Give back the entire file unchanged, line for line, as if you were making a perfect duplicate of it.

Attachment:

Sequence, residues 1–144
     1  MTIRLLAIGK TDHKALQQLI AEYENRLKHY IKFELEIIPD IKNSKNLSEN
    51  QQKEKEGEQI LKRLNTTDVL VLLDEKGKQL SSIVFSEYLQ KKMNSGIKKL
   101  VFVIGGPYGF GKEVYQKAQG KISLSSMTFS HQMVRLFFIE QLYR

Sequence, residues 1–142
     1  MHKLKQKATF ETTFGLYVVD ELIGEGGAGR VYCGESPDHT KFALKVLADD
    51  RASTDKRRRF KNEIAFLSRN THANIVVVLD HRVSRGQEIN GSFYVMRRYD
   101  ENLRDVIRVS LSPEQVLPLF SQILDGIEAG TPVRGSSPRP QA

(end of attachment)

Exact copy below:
Sequence, residues 1–144
     1  MTIRLLAIGK TDHKALQQLI AEYENRLKHY IKFELEIIPD IKNSKNLSEN
    51  QQKEKEGEQI LKRLNTTDVL VLLDEKGKQL SSIVFSEYLQ KKMNSGIKKL
   101  VFVIGGPYGF GKEVYQKAQG KISLSSMTFS HQMVRLFFIE QLYR

Sequence, residues 1–142
     1  MHKLKQKATF ETTFGLYVVD ELIGEGGAGR VYCGESPDHT KFALKVLADD
    51  RASTDKRRRF KNEIAFLSRN THANIVVVLD HRVSRGQEIN GSFYVMRRYD
   101  ENLRDVIRVS LSPEQVLPLF SQILDGIEAG TPVRGSSPRP QA